"There are kids who go into foster care every day and they have the clothes on their back and that is it," LeeAnn Petersen tells PEOPLE
LeeAnn Petersen remembers the relief she felt when she was removed from her California home at 15 and placed with loving foster parents, Karen and Dave Schwartzkopf, who lived in a large and compassion-filled house in the mountains near San Bernardino.
Both of Petersen’s now-deceased biological parents were alcoholics, and her mother had assaulted and even bitten her in a drunken rage before friends called authorities for help.
“The first time I set foot in the Schwartzkopf’s home, I knew that I could succeed there,” Petersen, now 47, recalls.
And there, living on a lake, she thrived, playing sports, earning good grades and later attending college, all with the support of a family — “my real parents” — who believed in her potential.
“I wouldn’t say that at that age, I was ambitious, but I would say that I was stubborn,” Petersen tells PEOPLE of her determination to push beyond her circumstances. “My stepfather, when I was 13 years old, told me that I would either be pregnant or in jail or both by the time I turned 16. Imagine saying that to a 13 year old. My stepfather said to me, ‘You are a waste of time,’ and everything I did from that moment on was to prove him wrong.”
Now living in Potomac, Maryland, Petersen, who does marketing, communications and support for lobbying groups, has not only succeeded, but is giving back. In 2014, she created a non-profit called Stockings from Karen that honors her foster mom’s grand gesture of giving her a gift-filled stocking that first Christmas away from her family.
It was the first time she had ever celebrated the holiday in her life. And a special stocking chosen just for her meant so much.
“The thought occurred to me that there are kids who go into foster care every day and they have the clothes on their back and that is it,” she says. “They don’t even have the basic staples. If they don’t get it from their social worker, they don’t have it. You need those things — these are young ladies going to high school.”
She started on the local level four years ago, delivering 40 carefully curated stockings to teen girls in a Washington, D.C.-area CASA (Court Appointed Special Advocates) program. The second year she created 150 stockings and this year, she hopes to deliver 300 hundred in six counties, assembling them in her overflowing garage with help from board members and plenty of giving friends.
Her sister-in-law Kristan Trugman, who has worked with the foundation to fill the stockings, chokes up when she talks about Petersen’s compassion for children.
“She looks back to use her past to make her a better person, but she is always looking forward. She is always thinking about others, always. To think of all those children out there who didn’t have the support of their biological families and to be able to use her own path, her history, to benefit others, well, that’s an understatement… She says her foster family gave her life.”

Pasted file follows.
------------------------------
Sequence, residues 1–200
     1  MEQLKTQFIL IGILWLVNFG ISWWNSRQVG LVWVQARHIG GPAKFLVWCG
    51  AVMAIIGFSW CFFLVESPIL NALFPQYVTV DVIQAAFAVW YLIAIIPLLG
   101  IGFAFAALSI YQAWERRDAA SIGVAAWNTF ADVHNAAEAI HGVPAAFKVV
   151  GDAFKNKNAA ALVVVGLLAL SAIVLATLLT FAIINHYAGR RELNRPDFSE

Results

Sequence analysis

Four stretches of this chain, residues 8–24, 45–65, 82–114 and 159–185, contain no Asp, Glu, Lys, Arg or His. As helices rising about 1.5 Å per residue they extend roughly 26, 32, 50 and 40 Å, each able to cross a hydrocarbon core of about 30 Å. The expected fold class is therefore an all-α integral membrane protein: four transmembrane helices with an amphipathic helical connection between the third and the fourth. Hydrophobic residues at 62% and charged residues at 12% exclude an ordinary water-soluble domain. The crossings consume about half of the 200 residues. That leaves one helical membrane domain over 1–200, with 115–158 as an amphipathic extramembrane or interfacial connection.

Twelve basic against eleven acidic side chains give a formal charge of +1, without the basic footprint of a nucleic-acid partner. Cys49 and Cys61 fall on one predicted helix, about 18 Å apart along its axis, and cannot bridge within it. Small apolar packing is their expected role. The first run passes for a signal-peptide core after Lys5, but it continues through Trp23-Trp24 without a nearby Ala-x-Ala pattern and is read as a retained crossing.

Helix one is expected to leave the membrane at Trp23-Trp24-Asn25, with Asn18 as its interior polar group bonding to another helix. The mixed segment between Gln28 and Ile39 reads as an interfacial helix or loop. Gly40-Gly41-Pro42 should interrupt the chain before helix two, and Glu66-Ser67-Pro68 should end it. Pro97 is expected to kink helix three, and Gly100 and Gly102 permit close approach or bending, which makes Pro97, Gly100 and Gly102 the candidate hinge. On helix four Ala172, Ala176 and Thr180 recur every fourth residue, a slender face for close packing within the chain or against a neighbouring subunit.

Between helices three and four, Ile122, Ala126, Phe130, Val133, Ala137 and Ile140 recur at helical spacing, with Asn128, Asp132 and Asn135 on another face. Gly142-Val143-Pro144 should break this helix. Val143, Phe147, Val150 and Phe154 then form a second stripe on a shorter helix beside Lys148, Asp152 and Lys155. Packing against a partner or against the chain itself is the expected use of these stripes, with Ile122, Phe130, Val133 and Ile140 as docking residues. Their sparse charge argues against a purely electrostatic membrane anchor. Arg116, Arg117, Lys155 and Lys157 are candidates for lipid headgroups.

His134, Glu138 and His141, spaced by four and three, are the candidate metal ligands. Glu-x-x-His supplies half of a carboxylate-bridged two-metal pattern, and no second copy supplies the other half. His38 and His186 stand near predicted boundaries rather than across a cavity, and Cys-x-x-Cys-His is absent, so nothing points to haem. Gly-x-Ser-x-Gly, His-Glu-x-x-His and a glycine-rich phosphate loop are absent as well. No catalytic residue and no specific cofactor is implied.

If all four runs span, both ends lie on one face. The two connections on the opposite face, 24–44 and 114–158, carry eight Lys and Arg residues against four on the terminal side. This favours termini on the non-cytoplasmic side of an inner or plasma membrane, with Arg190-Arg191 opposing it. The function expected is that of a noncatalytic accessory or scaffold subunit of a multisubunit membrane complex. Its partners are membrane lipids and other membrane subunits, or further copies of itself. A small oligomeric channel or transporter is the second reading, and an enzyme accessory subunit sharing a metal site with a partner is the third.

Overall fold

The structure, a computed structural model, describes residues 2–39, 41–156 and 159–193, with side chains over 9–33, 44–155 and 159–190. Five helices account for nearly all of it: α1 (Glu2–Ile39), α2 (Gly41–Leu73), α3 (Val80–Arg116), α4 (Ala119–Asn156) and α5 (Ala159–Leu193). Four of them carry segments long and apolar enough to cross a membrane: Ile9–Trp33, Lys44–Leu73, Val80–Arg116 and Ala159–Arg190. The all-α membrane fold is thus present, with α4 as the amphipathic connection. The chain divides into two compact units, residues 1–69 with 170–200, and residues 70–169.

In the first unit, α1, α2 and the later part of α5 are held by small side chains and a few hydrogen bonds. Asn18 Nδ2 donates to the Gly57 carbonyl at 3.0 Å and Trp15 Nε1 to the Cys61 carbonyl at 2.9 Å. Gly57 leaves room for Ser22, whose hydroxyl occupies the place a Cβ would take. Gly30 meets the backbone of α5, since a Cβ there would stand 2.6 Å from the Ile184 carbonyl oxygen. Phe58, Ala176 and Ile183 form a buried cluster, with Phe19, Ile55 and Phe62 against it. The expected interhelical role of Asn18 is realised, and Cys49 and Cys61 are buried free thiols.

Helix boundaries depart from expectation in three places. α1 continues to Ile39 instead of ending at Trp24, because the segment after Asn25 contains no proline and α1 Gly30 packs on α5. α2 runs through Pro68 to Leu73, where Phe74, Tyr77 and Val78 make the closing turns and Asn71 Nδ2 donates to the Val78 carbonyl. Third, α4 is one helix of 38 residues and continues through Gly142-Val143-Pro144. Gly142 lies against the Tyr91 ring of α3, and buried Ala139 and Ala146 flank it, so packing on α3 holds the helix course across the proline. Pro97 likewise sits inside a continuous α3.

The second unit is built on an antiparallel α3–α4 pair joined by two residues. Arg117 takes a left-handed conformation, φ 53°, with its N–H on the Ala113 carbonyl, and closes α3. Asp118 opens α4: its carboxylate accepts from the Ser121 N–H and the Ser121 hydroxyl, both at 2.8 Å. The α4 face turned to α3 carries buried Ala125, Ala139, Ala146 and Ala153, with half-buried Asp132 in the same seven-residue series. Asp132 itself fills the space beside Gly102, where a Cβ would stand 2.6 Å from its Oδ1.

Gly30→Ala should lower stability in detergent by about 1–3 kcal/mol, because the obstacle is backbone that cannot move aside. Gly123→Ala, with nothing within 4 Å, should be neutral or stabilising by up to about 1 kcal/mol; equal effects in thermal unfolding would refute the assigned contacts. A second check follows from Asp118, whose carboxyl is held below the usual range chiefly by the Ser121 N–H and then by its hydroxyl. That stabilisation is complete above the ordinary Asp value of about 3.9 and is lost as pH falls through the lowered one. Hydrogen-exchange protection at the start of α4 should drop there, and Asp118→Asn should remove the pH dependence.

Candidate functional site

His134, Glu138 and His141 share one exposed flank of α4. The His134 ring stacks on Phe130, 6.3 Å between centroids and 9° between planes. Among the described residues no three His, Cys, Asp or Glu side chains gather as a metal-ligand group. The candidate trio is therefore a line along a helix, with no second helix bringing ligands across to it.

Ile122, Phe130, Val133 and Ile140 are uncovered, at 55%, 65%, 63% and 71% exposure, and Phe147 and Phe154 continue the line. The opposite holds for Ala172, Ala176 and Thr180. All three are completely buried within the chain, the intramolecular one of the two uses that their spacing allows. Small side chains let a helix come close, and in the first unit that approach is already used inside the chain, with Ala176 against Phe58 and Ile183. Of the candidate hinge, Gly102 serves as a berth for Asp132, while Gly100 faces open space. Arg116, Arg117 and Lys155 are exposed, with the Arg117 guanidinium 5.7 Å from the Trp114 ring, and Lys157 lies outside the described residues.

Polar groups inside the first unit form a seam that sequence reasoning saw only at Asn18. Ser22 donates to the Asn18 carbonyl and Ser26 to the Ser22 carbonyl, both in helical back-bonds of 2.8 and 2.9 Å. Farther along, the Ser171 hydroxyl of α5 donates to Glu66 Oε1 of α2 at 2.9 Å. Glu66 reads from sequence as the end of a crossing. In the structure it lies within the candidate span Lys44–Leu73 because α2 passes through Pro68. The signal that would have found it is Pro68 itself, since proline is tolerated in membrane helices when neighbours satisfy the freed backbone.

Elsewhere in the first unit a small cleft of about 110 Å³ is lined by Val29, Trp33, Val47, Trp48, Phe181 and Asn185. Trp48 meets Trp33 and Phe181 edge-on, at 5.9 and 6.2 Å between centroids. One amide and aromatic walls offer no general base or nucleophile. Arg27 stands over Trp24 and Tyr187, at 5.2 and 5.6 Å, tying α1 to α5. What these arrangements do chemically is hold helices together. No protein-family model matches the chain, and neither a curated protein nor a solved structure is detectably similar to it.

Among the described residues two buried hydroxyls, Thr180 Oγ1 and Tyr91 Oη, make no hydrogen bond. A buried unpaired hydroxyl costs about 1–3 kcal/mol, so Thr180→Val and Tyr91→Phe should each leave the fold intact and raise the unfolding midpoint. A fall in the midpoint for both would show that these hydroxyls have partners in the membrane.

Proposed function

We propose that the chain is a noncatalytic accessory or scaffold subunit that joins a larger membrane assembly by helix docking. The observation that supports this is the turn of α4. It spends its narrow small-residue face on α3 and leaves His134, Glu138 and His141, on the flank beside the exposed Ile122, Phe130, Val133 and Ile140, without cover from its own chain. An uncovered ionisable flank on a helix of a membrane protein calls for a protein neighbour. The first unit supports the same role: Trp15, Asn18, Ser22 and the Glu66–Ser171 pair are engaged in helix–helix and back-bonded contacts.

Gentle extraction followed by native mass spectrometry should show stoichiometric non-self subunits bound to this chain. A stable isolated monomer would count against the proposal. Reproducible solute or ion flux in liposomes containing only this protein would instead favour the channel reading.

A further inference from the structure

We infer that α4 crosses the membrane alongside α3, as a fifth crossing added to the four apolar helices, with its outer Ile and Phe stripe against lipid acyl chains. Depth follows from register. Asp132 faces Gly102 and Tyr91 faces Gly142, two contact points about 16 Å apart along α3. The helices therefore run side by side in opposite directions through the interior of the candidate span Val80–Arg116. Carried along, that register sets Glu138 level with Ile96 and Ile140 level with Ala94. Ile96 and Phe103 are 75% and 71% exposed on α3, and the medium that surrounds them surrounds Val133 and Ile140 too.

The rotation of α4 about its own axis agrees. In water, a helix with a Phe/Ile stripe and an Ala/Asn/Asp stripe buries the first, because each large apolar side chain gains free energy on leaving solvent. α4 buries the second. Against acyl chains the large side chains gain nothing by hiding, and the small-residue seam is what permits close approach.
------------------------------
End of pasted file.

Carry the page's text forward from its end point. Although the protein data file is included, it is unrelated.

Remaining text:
Trugman says that while a Christmas stocking might seem a small thing to most, for a foster child with nothing, “I think these little things are huge to them.
“These stockings are put together with care and with thought,” Trugman adds. “LeeAnn makes them personal, too. Not cookie-cutter. They are filled with necessities (toiletries and make-up, for example) but also little gifts that are picked out and purchased just for them.”
As for the real-life Karen, she says ‘I just cried” when Petersen told her she was creating a namesake non-profit to honor Schwartzkopf’s special role in her life.
“She’s not of my womb but of my heart,” Karen, 70, a retired real estate agent who along with her husband, Dave, a retired police officer, fostered 100 children, tells PEOPLE.
“She was absolutely gorgeous,” and spirited, Karen recalls of welcoming a teenaged Petersen into her home more than 30 years ago. “There are kids you could make a difference for and kids, no matter what you did, weren’t going to make it on their own. Karen was one of those kids who we knew would make it, no matter what. There was no doubt in my mind. I couldn’t have asked for a more inspiring child.”
For foster children, Karen says being remembered is everything. “They may not get anything else but that stocking for Christmas. So for lot of these kids, this makes their Christmas. I think it’s beautiful that she’s passed on a legacy from her own family. Hopefully she’ll instill it in one of these kids down the road and they’ll continue the stockings, too.”
Stockings from Karen board member Rebecca Naser, a senior vice president for a polling firm, says that Petersen doesn’t judge a child’s situation. “She prefers to see the potential in all of these young girls.” She knows what it feels like to have someone step in the gap and show her love, Naser adds.
“You don’t realize how important those things are to self-esteem and confidence and just the ability to feel good about yourself,” Naser tells PEOPLE of the program, which thrives on donations of money and also items for the stockings themselves.
“She gets these thank you letters form these girls. They are so sweet. And what is behind this, it’s so powerful. It’s hard to imagine growing up and having no one think to get you a Christmas present. It makes these kids feel like somebody cares about them. For a lot of the girls, that’s so critical. They are at a tough point in their lives. This makes a profound impact.”